Sometimes, all it takes to encourage our children is just a word or two. It's so easy to look at the negative things they do and point those out but how many times do you point out the positive things? I love the following poem:
If children live with criticism, they learn to condemn.
If children live with hostility, they learn to fight.
If children live with fear, they learn to be apprehensive.
If children live with pity, they learn to feel sorry for themselves.
If children live with ridicule, they learn to be shy.
If children live with jealousy, they learn what envy is.
If children live with shame, they learn to feel guilty.
If children live with tolerance, they learn to be patient.
If children live with encouragement, they learn to be confident.
If children live with praise, they learn to appreciate.
If children live with approval, they learn to like themselves.
If children live with acceptance, they learn to find love in the world.
If children live with recognition, they learn to have a goal.
If children live with sharing, they learn to be generous.
If children live with honesty and fairness, they learn what truth and justice are.
If children live with security, they learn to have faith in themselves and in those around them.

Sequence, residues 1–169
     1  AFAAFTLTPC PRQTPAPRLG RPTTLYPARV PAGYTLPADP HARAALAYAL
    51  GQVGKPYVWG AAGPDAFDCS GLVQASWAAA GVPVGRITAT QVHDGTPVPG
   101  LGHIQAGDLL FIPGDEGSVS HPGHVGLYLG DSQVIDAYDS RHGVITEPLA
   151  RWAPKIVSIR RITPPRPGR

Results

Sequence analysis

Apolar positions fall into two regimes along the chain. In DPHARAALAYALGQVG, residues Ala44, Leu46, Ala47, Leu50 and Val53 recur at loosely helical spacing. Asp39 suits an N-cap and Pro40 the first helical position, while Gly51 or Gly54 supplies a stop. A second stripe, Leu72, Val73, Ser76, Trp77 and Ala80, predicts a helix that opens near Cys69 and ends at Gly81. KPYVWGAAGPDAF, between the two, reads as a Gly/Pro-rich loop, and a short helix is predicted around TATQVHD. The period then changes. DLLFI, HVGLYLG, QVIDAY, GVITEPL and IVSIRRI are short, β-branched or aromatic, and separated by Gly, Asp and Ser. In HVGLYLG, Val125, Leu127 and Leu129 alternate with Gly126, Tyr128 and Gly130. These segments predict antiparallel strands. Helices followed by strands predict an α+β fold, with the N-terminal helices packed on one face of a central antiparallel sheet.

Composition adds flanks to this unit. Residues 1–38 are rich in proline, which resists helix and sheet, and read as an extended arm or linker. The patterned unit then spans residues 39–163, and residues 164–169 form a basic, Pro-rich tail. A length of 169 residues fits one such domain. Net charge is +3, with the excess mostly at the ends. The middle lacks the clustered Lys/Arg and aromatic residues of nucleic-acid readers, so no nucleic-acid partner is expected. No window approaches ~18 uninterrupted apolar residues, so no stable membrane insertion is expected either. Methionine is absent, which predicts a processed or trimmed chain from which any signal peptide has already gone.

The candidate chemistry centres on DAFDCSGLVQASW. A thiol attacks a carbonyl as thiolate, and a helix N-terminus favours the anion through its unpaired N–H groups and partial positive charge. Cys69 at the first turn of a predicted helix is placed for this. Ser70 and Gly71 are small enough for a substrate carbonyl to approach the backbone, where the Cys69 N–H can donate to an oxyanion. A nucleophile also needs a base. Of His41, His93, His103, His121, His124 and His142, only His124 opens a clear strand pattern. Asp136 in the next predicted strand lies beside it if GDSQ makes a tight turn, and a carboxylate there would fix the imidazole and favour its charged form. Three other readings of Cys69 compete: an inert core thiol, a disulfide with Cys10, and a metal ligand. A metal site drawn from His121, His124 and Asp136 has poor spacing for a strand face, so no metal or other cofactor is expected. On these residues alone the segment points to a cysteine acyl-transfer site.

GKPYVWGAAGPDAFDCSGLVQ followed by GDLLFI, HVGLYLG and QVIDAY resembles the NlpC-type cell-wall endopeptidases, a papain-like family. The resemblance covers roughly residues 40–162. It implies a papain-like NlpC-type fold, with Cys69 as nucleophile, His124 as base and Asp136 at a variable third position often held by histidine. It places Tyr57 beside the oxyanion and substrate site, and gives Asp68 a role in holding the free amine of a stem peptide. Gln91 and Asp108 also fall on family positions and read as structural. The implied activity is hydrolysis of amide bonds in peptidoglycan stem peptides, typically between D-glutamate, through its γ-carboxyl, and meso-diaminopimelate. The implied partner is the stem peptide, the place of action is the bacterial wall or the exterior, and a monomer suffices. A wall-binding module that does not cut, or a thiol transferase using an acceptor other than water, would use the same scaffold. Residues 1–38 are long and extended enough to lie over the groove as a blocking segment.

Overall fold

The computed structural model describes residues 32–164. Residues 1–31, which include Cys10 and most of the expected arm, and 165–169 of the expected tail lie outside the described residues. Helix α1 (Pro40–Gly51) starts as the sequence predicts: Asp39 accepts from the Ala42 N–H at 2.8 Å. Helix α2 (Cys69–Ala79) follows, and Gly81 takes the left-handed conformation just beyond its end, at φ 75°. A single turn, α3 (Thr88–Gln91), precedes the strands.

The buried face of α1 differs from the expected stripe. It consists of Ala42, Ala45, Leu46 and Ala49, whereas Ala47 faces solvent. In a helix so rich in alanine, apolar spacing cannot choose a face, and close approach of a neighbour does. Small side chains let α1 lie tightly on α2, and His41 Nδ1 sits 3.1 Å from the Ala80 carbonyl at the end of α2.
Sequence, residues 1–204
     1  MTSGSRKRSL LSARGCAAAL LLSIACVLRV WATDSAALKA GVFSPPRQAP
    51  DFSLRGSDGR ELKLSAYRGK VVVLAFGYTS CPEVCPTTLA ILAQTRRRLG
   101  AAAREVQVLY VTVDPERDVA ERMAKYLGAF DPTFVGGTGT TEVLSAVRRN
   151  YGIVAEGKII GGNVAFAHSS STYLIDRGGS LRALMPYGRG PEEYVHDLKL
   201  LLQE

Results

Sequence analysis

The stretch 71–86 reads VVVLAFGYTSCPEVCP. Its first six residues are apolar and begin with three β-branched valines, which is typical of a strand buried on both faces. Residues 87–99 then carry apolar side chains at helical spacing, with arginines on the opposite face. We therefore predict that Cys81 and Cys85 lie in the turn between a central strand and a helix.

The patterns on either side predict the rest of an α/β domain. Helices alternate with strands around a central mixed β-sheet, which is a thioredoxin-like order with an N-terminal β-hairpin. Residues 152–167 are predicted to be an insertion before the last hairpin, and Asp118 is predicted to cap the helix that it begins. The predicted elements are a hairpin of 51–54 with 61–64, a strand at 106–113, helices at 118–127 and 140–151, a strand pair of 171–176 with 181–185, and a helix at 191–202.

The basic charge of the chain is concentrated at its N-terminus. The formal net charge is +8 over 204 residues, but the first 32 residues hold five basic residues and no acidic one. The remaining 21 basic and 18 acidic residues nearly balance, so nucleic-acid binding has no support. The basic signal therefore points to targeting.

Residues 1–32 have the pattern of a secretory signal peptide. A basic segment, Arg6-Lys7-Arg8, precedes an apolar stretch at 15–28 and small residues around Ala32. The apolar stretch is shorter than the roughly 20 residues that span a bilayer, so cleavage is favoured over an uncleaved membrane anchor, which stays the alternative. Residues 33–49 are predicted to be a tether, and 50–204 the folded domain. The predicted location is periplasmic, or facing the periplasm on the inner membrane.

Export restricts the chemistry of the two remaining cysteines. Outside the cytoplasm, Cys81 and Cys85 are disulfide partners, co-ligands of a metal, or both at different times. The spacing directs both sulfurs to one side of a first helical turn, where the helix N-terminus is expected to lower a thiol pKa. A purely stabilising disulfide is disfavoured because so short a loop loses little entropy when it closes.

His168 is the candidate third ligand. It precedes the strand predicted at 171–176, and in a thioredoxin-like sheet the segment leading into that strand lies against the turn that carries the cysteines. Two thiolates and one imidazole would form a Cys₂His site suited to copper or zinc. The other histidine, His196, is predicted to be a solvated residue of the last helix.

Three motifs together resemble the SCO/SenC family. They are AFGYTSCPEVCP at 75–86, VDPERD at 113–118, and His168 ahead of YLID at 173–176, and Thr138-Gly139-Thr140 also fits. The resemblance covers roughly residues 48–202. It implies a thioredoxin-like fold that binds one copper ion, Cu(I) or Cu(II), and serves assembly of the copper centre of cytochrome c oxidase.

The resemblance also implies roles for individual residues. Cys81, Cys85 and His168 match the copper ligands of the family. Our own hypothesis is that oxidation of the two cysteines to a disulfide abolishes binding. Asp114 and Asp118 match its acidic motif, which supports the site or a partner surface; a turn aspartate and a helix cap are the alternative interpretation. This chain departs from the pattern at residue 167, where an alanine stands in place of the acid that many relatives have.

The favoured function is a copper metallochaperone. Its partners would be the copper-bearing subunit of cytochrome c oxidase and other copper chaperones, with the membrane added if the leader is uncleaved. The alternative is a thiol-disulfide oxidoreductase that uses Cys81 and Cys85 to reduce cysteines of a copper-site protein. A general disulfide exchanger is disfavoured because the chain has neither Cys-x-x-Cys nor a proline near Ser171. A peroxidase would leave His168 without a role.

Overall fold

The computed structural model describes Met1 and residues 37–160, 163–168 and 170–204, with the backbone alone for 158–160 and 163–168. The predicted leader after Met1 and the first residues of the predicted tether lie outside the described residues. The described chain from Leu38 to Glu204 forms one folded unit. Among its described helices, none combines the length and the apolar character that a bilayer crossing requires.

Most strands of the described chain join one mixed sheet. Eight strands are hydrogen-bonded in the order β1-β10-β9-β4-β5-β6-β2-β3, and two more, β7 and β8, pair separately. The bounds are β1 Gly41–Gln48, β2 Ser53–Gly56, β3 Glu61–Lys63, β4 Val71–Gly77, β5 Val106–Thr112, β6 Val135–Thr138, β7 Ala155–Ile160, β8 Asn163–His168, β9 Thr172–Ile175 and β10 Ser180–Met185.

If children live with friendliness, they learn that the world is a nice place in which to live.
If children live with serenity, they learn to have peace of mind.
With what are your children living?
Look at the very first line. OUCH!!!! I've been guilty of this one and I'm working to change it.
An example of what a difference encouraging words can be is a conversation between me and Emily the other night as she was going to bed.
Terri: "Emily, you were such a big help to me today. I wouldn't of been able to do _____ without your help." (She starts to blush, hides her head shyly and gets a big smile on her face.) "You are becoming such a wonderful young lady and are so helpful."
Emily (giggling): "What would you do without me?"
Terri: "I wouldn't be able to do anything." "I would sit in a corner and cry and cry." (Of course, we are being silly at this point).
You should of seen the smile on her face and the way her little chest puffed out. She hugged me and said, "I love you, Mama."
All it takes is a word or two. You don't have to have a long conversation, extolling all their virtues. Just point out a job well done, a kind word spoken, a gesture. Make it a habit to find the positive and say encouraging words. I don't want my children to look back on their lives and remember Mom as the one who always told them how they did it wrong. I want them to remember me as the one who encouraged them that they could do something no matter what.
My mother-in-law has done a wonderful job of this with her children. She is always encouraging, always affirming, and always telling them they can do anything! When Dan talks about his mother, it's always about the fact that she encouraged them growing up. I want my children to feel the same way about me!